Recycling is supposed to be good for the environment, but don't tell that to Rosedale residents right now.
About 600 catcalling, sign-waving residents of the eastern Baltimore County community packed the Eastern Vo-Tech High School auditorium last night to protest plans for a plant in their neighborhood that would "recycle" dirt contaminated by leaking underground fuel storage tanks.
"We're not going to take someone else's trash so they can make big bucks," declared state Sen. Thomas L. Bromwell, an 8th District Democrat, drawing some of the loudest cheers of the night from the crowd.
The plant is planned by Environmental Recycling Associates, a subsidiary of Bryn Awel Corp., a Towson pavement manufacturer, which wants to put the decontaminated dirt in its asphalt. The proposed facility could process up to 185 tons of soil per hour.
Company officials contend that their plant is a safe way of cleaning up and reusing soil tainted by gasoline, diesel fuel and oil that is leaking from underground tanks.
With 3,300 leaky fuel tanks pulled from the ground last year in Maryland alone, company officials estimate there is a need to clean up 12 million to 16 million tons of contaminated dirt from around Baltimore and Washington alone. Such dirt now is either shipped out of state for disposal or dumped in municipal landfills.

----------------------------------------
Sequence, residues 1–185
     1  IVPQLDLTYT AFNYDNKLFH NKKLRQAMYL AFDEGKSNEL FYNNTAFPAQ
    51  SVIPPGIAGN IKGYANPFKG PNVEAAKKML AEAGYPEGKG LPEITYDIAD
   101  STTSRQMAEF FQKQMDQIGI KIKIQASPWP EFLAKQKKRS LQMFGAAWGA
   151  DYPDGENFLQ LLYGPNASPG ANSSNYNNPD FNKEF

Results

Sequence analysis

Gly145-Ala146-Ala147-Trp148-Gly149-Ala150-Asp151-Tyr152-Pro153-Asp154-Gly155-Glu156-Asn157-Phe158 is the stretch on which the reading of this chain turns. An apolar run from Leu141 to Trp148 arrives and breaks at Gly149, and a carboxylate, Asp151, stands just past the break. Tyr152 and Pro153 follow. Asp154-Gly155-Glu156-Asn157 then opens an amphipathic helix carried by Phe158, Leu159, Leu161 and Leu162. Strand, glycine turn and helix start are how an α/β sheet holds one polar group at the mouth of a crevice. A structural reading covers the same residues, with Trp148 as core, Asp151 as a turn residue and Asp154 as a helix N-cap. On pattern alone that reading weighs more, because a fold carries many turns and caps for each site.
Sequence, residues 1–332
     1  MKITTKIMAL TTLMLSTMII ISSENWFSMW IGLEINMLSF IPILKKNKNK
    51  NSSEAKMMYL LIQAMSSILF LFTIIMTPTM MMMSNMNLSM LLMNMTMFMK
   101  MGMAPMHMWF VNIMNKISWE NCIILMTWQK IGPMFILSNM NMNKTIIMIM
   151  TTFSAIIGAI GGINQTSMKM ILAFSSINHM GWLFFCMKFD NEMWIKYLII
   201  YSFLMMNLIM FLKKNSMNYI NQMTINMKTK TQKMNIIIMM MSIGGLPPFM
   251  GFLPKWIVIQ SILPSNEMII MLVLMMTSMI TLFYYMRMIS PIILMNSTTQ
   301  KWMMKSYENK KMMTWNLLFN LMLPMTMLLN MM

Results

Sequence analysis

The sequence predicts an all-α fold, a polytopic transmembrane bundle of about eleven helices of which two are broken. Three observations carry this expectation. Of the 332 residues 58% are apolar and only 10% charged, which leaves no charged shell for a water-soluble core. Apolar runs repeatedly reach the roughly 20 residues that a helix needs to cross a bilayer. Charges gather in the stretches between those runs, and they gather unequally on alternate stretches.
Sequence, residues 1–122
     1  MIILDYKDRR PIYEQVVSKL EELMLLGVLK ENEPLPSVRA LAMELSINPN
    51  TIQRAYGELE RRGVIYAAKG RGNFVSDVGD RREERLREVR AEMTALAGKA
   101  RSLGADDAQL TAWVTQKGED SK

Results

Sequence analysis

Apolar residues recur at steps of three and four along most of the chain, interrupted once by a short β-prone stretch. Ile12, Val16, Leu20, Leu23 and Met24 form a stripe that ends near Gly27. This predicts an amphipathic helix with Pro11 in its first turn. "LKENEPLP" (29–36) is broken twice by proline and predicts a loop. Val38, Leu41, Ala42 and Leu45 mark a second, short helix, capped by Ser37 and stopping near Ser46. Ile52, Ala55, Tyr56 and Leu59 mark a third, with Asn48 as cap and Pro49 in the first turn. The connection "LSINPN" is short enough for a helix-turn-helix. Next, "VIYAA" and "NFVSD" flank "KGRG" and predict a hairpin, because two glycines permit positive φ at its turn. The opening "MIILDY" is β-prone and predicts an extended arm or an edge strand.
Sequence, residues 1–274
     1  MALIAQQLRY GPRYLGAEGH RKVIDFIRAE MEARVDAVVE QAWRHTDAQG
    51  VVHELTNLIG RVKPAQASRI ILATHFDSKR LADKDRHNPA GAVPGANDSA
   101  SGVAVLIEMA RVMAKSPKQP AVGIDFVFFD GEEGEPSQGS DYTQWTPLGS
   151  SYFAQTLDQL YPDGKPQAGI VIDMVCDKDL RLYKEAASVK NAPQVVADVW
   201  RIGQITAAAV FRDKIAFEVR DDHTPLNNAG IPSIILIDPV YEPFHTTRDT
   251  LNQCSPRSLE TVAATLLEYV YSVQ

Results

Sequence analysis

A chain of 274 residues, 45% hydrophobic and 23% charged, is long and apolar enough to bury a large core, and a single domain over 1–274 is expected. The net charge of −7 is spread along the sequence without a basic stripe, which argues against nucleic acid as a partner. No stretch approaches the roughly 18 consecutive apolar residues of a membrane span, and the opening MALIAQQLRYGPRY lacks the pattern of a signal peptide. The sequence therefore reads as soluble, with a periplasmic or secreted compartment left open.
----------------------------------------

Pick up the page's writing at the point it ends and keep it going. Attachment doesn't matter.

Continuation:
Robert Smith, a lawyer for the firm, contended that the air pollution from the plant would be no worse than that from a corner gas station.
State environmental officials, who must decide whether to permit the plant, say that if operated properly, it should not release unsafe levels of toxic pollutants like lead and benzene into the air.
The soil would be "cooked" in a kiln at 500-600 degrees Fahrenheit to evaporate the petroleum hydrocarbons, then the DTC resulting vapor would be burned off, leaving the soil free of contaminants.
The plant would produce hydrocarbons, which could contribute to the Baltimore region's summertime smog problems, when ozone-laden air can cause breathing problems and lung inflammation.
So state officials say they would limit the facility's operations to 10 hours a day to cut down on those emissions.
But those assurances did not satisfy Rosedale residents, who say they have suffered too long from the odors and pollution of the Back River sewage plant and Pulaski Highway trash incinerator nearby.
"If it's contaminated, it doesn't meet our requirements," shouted one heckler. "You take your facts, take your soil and go somewhere else."
Community leaders contend that previous environmental violations by Bryn Awel show it cannot be trusted to run the soil plant safely.
They presented a videotape showing trucks from out of state dumping contaminated dirt at a warehouse in the city, where it is being stockpiled in anticipation of obtaining state and local approval.